THE BLOG
01/22/2013 03:45 pm ET Updated Mar 24, 2013

Much Ado About Herbalife

So here we have Carl Icahn joining the battle between William Ackman and Dan Loeb over Herbalife -- or so it seems.

In early January, when Loeb revealed an 8.2 percent long position -- apparently at loggerheads with Ackman's $1 billion short bet that the company is a pyramid scheme whose stock will go to zero -- pundits billed the situation a "Battle of Titans."

Much was made of Loeb's comments that "we find this [the short] thesis to be preposterous, particularly since the FTC has been sensitive to frauds of this kind." He then went on to say that if the company bought back shares, its stock could go to $55-$68. Icahn, for his part, hasn't amplified on his views beyond announcing that he has taken a "small" long position as well.

So is Ackman wrong? That may well not be the point.

When Loeb made his investment he was basically looking at a company with a 97 million share float and a short interest of 26 million shares even before Ackman began shorting another 20 or so million shares.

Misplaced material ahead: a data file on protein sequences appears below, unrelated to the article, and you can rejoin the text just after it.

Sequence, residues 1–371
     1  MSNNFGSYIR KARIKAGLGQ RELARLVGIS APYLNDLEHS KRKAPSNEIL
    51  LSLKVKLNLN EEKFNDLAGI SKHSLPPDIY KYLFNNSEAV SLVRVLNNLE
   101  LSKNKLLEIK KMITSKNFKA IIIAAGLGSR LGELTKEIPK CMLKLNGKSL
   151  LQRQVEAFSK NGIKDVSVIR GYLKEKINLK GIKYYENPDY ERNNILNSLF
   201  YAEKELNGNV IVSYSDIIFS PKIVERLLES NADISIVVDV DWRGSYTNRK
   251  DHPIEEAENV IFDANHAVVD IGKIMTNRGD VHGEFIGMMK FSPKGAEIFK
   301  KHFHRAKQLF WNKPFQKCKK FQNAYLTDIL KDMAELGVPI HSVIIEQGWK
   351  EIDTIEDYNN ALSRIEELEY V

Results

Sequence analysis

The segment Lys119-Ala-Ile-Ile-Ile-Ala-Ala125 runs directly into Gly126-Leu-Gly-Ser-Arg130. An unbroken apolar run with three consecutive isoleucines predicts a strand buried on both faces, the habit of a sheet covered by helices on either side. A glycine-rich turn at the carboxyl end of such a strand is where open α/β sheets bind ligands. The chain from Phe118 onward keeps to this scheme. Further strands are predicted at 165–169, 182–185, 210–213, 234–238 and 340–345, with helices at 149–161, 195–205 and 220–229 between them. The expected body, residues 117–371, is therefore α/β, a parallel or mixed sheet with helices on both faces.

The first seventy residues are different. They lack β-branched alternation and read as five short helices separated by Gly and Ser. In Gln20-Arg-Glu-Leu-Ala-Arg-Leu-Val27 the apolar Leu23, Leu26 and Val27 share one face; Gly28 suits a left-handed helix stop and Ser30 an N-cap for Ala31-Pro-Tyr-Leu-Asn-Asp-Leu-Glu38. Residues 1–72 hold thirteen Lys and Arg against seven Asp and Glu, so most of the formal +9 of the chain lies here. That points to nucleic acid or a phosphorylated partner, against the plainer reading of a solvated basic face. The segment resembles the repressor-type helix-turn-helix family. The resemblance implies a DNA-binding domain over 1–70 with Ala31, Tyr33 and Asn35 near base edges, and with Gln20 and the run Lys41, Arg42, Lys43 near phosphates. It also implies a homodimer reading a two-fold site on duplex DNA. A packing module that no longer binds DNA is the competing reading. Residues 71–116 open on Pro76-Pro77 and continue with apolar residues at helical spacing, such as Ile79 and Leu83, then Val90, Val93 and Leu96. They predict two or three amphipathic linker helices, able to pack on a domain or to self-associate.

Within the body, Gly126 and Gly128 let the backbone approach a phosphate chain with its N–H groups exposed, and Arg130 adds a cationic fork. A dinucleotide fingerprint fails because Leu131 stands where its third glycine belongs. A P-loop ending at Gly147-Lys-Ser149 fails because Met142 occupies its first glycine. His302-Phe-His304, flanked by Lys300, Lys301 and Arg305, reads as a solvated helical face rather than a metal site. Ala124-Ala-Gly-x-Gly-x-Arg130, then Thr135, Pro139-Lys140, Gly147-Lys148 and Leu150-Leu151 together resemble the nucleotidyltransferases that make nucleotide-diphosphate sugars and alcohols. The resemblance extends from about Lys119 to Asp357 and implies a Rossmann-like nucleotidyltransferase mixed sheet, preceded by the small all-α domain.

So here was a stock that had dropped from the mid $40s to the high $20s -- a 40 percent move down -- even as its nominal float of shares actually available for trading (rather than sidelined in short positions) had dropped 28 percent, pushing total short interest to almost half the shares outstanding. Would you not expect the stock to gradually move upward from there?

And so it did. Between Ackman's late December presentation and Third Point Capital's early January 13G filing, the weighted average of the open, high, low and close of Herbalife stock has ranged between $31.07 and $33.70 on volume in excess of 178 million shares. This means Dan Loeb's Third Point Capital has already achieved a 30 to 40 percent return as of yesterday's close. Goes to show what sagacity (and good nerves) can do for you, long thesis or not.

Short-squeeze play on the horizon? Perhaps, but that would just be icing on the cake.

Paradoxically, the quicker the stock moves up the more likely Ackman's trade could pan out. After all, did Loeb not allude to the discount in the stock being "probably for a limited time only?" So when he and a few other longs begin exiting...